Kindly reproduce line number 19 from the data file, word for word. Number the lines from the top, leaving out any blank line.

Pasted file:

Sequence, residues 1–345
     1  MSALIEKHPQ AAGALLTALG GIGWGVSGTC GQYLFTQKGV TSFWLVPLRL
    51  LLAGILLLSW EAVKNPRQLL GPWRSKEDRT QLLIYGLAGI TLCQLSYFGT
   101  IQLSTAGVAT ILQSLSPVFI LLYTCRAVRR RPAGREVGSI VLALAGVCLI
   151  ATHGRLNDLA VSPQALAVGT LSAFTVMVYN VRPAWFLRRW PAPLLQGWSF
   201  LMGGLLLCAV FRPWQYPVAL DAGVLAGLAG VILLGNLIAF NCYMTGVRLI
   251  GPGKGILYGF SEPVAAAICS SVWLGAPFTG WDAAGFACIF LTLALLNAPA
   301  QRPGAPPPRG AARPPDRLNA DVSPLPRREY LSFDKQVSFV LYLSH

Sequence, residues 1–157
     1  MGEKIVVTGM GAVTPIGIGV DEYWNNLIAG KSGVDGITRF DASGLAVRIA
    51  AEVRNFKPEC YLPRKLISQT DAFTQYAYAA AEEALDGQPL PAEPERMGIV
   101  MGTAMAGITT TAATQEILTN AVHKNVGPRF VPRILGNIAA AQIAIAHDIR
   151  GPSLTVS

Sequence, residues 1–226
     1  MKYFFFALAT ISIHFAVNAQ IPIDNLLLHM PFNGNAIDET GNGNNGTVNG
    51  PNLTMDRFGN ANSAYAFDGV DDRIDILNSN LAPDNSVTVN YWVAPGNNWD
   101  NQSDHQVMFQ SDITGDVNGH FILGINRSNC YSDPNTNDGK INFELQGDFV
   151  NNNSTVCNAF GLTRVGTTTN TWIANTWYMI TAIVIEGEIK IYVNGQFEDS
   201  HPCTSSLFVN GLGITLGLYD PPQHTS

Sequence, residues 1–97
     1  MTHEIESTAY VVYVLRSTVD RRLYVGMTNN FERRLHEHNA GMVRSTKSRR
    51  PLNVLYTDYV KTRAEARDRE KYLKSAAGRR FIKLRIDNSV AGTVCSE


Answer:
   201  HPCTSSLFVN GLGITLGLYD PPQHTS